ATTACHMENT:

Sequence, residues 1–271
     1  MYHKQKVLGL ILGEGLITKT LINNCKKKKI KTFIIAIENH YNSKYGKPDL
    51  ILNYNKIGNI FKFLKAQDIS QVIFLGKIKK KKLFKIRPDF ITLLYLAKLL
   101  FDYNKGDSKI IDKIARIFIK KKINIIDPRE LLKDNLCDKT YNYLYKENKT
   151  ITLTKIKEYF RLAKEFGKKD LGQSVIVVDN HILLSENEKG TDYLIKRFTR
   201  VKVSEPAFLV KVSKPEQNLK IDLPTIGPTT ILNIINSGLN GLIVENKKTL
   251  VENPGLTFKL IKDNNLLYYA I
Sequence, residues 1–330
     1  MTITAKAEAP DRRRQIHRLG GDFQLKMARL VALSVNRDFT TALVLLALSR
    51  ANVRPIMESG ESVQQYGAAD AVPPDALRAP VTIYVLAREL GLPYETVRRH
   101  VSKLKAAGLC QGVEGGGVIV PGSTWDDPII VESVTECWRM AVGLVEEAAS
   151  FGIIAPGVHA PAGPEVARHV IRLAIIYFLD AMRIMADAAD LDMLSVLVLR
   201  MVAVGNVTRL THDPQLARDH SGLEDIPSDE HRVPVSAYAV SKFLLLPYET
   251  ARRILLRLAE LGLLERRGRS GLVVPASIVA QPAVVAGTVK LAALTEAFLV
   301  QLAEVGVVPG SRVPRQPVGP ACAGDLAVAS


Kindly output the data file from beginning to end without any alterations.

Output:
Sequence, residues 1–271
     1  MYHKQKVLGL ILGEGLITKT LINNCKKKKI KTFIIAIENH YNSKYGKPDL
    51  ILNYNKIGNI FKFLKAQDIS QVIFLGKIKK KKLFKIRPDF ITLLYLAKLL
   101  FDYNKGDSKI IDKIARIFIK KKINIIDPRE LLKDNLCDKT YNYLYKENKT
   151  ITLTKIKEYF RLAKEFGKKD LGQSVIVVDN HILLSENEKG TDYLIKRFTR
   201  VKVSEPAFLV KVSKPEQNLK IDLPTIGPTT ILNIINSGLN GLIVENKKTL
   251  VENPGLTFKL IKDNNLLYYA I
Sequence, residues 1–330
     1  MTITAKAEAP DRRRQIHRLG GDFQLKMARL VALSVNRDFT TALVLLALSR
    51  ANVRPIMESG ESVQQYGAAD AVPPDALRAP VTIYVLAREL GLPYETVRRH
   101  VSKLKAAGLC QGVEGGGVIV PGSTWDDPII VESVTECWRM AVGLVEEAAS
   151  FGIIAPGVHA PAGPEVARHV IRLAIIYFLD AMRIMADAAD LDMLSVLVLR
   201  MVAVGNVTRL THDPQLARDH SGLEDIPSDE HRVPVSAYAV SKFLLLPYET
   251  ARRILLRLAE LGLLERRGRS GLVVPASIVA QPAVVAGTVK LAALTEAFLV
   301  QLAEVGVVPG SRVPRQPVGP ACAGDLAVAS